Amy Sa Conocophillips General Services Administration
Anchiva Systems Conscious Security Guidewire Software Ltd
Anna University Cornwall College Harris Corporation
Anova Cosmo Hewlett-Packard Company
Appliance Innovation, Inc. CTS Hitachi Medical Systems America, Inc.
Applied Signal Technology, Inc. Cyclone Solutions HITK
Arc Kannur Data Respons Norge As Hologic
Arcadian Networks Inc. Data Track Honeywell
Arictocrat Techologies Dell Huawei Technologies Co.Nig.Ltd
Aselsan A.S. Dexter Magnetic Technologies IBJ Llc
AT&T Digicore India Ghandi Center for Atomic Research
Avaya Diversified Labs Imagination Technologies
Avnet DSO National Labs Infineta Systems
Bat Gsd DSR Management Inc Instituto Nazionale di Fisica Nucleare Italia
Berker Gmbh EC Joint Research Centre Innovasmith
Best Buy Edventure Inso4U
Blackmore EIG Consulting Intel
Blade Network Tech. Einfochips Limited Internetassist
Bmcc EIP Elektronika Co. Interphase Corporation
Boeing Elektron Irdeto
Bosch Security Systems Embassy Jands Pty Ltd
Boston Engineering EMC Corp Karpagam College Of Engineeing
Bridgeco Software Services India Pvt. Ltd EMD Kearfott Corp Msd
Broadband Consulting ENE Legg Mason
Brush Ford Motor Company Legrand Home Systems
Buttery Network Services Fortinet Lenard Engineering, Inc.
Cache-A Corporation Fox Electronics Library Of Congress
Calsoft Labs Freescale Semiconductor Lockheed Martin
Cannon Design Fremont Pd Lund University
Canon Communications Frontier Communications Mantech International Corporation


Marvell Semiconductor, Inc. Progeny Systems ThyssenKrupp Elevadores
Medical Telecomm Prometheus TigerDirect, Inc.
Metatechnic Systems Proteus Tinker London
Metric Group Ltd Proto6 Trak Engineering
Micro Technology Services Quatech Trapeze ITS
Mindray Medical Radvision U.S. Government
Montagem E Manutençao Eletrica RB & Associates UC Berkeley
Montavista Software Renault Pars University of Georgia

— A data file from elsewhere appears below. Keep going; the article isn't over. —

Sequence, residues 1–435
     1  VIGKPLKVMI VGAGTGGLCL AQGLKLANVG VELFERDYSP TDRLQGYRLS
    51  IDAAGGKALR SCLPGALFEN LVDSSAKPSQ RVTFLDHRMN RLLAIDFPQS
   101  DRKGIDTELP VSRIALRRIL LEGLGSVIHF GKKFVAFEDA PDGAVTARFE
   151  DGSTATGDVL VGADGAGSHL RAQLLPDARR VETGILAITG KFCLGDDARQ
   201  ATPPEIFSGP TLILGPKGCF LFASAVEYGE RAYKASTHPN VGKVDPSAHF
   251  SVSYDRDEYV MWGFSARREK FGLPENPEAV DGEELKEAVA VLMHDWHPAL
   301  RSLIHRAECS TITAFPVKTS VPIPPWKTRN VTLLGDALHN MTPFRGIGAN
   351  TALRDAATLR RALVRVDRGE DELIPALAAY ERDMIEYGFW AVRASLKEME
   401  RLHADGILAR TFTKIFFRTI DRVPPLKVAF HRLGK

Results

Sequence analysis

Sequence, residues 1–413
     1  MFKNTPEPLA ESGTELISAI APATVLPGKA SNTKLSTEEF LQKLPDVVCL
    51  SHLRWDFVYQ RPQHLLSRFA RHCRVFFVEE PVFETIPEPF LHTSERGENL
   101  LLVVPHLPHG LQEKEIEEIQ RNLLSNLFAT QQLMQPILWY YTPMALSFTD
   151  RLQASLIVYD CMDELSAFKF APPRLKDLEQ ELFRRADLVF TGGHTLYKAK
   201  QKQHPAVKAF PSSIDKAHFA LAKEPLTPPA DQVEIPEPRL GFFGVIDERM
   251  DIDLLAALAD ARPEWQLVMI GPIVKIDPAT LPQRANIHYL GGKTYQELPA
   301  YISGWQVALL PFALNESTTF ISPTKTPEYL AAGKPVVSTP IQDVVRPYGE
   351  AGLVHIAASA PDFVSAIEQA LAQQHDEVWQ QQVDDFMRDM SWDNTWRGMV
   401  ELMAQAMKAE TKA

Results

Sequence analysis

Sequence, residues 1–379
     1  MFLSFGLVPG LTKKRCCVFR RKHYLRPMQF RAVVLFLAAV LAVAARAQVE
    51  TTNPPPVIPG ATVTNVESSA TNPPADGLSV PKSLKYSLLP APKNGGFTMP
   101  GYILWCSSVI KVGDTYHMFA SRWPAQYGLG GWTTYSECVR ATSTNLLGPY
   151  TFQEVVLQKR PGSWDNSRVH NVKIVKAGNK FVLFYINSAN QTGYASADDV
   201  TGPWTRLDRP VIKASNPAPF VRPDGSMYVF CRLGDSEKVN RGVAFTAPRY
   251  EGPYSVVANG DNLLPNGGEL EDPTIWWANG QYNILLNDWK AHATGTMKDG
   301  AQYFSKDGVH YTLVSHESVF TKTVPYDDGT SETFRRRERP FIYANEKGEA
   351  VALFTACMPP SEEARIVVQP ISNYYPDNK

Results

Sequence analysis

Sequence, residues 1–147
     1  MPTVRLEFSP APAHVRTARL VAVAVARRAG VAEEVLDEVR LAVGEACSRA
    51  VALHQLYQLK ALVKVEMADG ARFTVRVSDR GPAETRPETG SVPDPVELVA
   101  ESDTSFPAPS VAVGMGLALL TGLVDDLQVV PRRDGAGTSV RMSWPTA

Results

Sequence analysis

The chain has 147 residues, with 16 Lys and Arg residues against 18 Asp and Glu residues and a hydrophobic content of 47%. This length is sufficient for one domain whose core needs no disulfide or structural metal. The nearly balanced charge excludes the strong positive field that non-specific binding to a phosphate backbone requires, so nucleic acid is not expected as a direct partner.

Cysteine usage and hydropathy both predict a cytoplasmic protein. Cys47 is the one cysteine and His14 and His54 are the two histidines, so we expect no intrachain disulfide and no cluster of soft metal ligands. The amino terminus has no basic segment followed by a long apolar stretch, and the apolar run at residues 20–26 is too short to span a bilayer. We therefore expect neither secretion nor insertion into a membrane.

More Fun Technologies, Llc Rockwell Automation University Of Helsinki
Morgan Ruckus Wireless Universidad De Belgrano
Motorola RV College Of Engineering Universidad Tecnológica De Pereira
Narda-STS Samsung University Of Limerick
National Informatics Centre Sandia National Laboratories University Of Minnesota
NetIQ Santa Clara University University Of Phoenix
Netresearch Schenck Trebel US Army
Netrino Sertek Inc. US Department of Agriculture
Netsuite Shan Dong University Utah Transit Authority
Network360 Sharp UWBT
NextGen GES Soft Servo Valeo
Niams - NIH Solustan, Inc. Vector Magnetics
Nokia Space Systems Loral Vengear, Inc.
Northrop Grumman Spacelabs Healthcare Vicom Systems
Network Technologies Inc. Spark Integration Technologies Inc Vista Microsystems
Nucleus Technologies Society of Petroleum Engineers Visteon Corp
Nudesign Technologies Inc. SRA International Von Braun Center
Omnitron Stoneridge Wernher Von Braun Labs
Op-Pohjola Group Stonesoft Wi-Tech Consulting
Oracle Corporation Strategi Coakley Winvale
Packer Engineering Strong Mind Designs Wipro Technologies
Panasonic Symantec Xenterra
Penspen International Ltd Technoware Xerox
Pentreed Communications Llc Tekcomm Xylenes Software
Philips Health Care Telcel Xytronix Research & Design, Inc
PKI Engineering Teleca Zeal Interactive Pvt. Ltd.
Playboy Enterprises, Inc. Tennant Company Zippan
PMC-Sierra Tesla Laboratories
Polycom Canada Ltd Texas A&M University
Potts Engineering & Consulting Thai Airways
Prism Clinical Imaging, Inc. The Winvale Group

©2010 Mocana 415.617.0055
71% expect
a serious
incident arising
from attacks
on, or problems
with, connected
smart devices
within the next
24 months
(page 8)


©2010 Mocana 415.617.0055
Perceptions of the Threat to Smart Devices

Understanding the Need for Device Security

The survey found that in the context of this rapidly expanding connected device
ecosystem, there is a strong awareness of the range of potential security threats
these devices face. A significant percentage of businesses surveyed said that attacks
on smart devices have already impacted their business operations.


Are you concerned about the security
of mobile phones?

Considering your peers in your

industry, how would you characterize
your industry’s level of AWARENESS of
threats to connected, non-PC devices?

In your personal opinion, when do you

expect to NEXT hear about a serious
security incident in your industry,
arising from attacks on, or problems
with, connected, non-PC devices?

More than 76% of respondents said they were security incident” involving non-PC devices
“concerned” or “very concerned” about the within their line of business is imminent, and